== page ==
“She cataloged a lot of this stuff,” Adams said.
Adams was born in Springfield, Massachusetts. From the start, he was a born entertainer who liked to sing and tell jokes.
He began his show business career early, singing at a Ranch House in Springfield when he was 13.
Adams said he played guitar and told jokes while integrating audience members into his shows, calling his humor family oriented. Adams said he played guitar and told jokes while integrating audience members into his shows.
He performed on the circuit part-time in Maine and decided to go the entertainment route after an unpleasant experience while teaching at a school in Westfield, Massachusetts.
An unruly student “cracked my head open with a Thermos,” Adams said.
He went to Florida to recover and was performing at the Desert Inn in Daytona Beach “for $750 a week” and decided show business was better — and safer — than teaching.
“I called the school and said, ‘You’re going to need to find a substitute.’ They said, ‘For how long,’ and I said, ‘Forever,’” he said.
Moving to Florida for part of the year, Adams began working on cruise ships in 1977 as an events director and sang “for two hours a week.”
“I was like Julie (McCoy) on ‘Love Boat,’” he joked.
Adams later became a charter captain on the west coast of Florida. He would fish by day and work clubs at night. He spent a good deal of time at The Bank, a restaurant and bar in Clearwater Beach, and said he helped organize and run the first two Clearwater Jazz Festivals, which debuted in 1980. Woody Herman and Buddy Rich were the first two headlining acts.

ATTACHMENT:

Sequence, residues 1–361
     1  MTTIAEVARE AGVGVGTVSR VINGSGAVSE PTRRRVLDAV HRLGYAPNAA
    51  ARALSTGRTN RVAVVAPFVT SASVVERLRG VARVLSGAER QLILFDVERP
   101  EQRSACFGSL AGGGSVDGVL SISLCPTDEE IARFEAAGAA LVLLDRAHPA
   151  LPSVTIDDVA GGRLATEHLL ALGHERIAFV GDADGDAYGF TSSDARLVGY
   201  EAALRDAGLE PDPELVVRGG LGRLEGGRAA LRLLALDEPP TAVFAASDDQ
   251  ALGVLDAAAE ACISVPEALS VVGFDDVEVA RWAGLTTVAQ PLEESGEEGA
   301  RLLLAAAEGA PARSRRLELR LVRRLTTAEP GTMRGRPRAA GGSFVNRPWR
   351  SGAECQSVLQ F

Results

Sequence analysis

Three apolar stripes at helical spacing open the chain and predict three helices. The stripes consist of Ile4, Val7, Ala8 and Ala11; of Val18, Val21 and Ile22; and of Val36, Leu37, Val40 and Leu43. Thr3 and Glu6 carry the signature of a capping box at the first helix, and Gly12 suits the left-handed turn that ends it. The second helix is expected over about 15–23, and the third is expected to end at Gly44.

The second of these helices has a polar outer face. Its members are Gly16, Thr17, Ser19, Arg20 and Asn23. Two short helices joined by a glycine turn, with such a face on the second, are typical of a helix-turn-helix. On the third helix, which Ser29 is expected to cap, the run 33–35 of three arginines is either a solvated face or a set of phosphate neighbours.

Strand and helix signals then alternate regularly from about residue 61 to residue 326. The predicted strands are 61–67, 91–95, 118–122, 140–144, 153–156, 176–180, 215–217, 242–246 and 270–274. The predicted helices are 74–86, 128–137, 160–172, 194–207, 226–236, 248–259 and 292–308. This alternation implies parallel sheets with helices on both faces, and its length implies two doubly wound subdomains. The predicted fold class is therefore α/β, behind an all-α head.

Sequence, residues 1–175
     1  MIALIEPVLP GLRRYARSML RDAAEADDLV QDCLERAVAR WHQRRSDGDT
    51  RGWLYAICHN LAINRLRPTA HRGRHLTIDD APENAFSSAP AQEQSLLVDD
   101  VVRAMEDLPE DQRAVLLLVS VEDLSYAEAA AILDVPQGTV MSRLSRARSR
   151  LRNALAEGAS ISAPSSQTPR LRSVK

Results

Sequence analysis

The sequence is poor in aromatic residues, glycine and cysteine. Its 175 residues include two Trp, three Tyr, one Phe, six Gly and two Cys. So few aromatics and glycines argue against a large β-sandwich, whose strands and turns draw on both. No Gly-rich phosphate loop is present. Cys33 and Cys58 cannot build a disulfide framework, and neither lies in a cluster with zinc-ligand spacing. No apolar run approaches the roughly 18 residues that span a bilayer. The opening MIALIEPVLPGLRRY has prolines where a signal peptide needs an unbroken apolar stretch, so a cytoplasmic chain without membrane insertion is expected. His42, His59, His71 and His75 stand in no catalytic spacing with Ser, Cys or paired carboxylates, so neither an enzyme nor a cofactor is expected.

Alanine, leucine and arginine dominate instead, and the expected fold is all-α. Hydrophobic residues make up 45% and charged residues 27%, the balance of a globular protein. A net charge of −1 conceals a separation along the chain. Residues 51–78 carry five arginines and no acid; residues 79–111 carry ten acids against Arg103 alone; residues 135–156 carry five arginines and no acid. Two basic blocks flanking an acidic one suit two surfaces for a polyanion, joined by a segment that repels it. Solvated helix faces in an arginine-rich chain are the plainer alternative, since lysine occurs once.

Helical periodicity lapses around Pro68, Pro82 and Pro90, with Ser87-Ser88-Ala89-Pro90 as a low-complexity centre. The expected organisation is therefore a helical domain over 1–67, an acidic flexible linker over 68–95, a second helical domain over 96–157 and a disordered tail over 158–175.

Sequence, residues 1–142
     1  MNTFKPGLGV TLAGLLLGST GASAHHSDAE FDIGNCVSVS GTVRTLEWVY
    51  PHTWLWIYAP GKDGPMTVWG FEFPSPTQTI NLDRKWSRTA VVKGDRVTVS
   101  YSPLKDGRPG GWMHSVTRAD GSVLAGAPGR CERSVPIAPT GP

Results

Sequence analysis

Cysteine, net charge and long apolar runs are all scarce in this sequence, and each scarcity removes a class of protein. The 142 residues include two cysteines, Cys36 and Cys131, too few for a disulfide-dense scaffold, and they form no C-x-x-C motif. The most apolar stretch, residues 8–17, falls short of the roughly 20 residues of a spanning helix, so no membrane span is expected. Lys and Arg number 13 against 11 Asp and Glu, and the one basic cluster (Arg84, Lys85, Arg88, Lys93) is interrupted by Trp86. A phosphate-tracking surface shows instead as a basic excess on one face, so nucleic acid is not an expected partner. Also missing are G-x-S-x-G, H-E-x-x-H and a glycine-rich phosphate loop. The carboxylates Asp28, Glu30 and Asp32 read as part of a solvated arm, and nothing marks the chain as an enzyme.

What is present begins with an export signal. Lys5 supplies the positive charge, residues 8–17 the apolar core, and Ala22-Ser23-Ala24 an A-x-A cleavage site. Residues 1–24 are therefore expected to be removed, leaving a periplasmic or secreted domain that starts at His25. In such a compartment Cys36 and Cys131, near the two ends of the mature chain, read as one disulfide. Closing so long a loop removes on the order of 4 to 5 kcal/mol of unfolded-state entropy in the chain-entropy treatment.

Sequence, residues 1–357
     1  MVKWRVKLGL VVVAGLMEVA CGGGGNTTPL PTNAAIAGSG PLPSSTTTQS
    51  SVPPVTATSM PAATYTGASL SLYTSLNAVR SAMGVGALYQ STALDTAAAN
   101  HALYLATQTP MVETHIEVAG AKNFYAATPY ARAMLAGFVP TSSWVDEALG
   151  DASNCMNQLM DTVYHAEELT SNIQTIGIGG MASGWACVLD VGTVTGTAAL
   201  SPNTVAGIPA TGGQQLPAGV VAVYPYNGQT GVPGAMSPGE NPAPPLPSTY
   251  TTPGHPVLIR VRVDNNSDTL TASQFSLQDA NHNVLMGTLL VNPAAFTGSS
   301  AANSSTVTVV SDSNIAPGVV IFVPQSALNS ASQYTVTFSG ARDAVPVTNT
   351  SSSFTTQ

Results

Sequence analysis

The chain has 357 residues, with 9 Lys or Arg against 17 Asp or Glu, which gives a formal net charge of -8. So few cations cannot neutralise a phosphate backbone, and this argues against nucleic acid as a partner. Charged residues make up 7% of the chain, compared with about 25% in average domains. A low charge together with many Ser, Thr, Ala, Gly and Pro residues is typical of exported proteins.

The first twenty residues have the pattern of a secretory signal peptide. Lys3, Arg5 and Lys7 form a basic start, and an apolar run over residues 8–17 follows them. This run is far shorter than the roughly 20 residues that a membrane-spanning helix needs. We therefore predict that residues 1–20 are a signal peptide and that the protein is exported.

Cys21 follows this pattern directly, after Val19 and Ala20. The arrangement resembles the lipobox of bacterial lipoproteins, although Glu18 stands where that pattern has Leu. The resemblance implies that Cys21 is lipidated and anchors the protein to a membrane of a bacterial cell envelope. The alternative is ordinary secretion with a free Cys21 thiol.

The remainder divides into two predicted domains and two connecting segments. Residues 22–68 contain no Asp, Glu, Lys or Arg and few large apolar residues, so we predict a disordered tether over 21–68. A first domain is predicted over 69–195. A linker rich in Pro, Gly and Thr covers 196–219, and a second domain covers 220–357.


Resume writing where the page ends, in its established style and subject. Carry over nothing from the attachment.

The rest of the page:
He got into recording music after country singing stars George Jones and Johnny Paycheck heard him. Adams was persuaded to go to Nashville and recorded a pair of folk-country albums during the early 1980s: “By Request” and “Legends,” on the Sundance Records label from Madison, Tennessee. He sang several standards, including “Leaving on a Jet Plane,” “Mr. Bojangles,” “Your Song,” “City of New Orleans,” “Help Me Make it Through the Night” and “All I Have to Do is Dream.”
There is also “Old Dogs, Children And Watermelon Wine.”
Returning to Florida, Adams became a full-time charter captain in 1996. COVID-19 effectively put him out of business, however.
Adams calls himself a collector, and a look around his west-central Florida home is evidence of that. He owns a 1952 Seeburg jukebox and a 1950s-era pinball machine. A vintage pay telephone hangs on the ball (it works), and his shelves are full of items that would make an antique shop dealer jealous.
Even Roberts has some memorabilia that she has collected, the linchpin being a ticket from Game 5 of the 1956 World Series, when Don Larsen threw the only perfect game in the history of the postseason classic.
Adams still shakes his head at what he found 48 years ago. Had he driven by later or simply ignored the captain’s chest, a great deal of baseball memorabilia could have been discarded. And why the person who was throwing it away decided to do that is another mystery that may never be solved.
“When you get to touch this stuff and look at it, you go, ‘Wow,’” Adams said.
He would like to sell those items someday but would prefer they go to someone who is not going to chop up the Who’s Who book for the signatures. A person who loves baseball history would fit the bill.
Adams said the National Baseball Hall of Fame wanted him to donate the book for free, but that was not going to happen.
“They’d put it in a display and probably only show the Babe Ruth page,” he said. “No one would get to see the rest of it.”
While Adams could cash in big time, that is not his main focus.
“I’m not looking to make millions of dollars,” he said. “I’m looking for someone who would appreciate this.”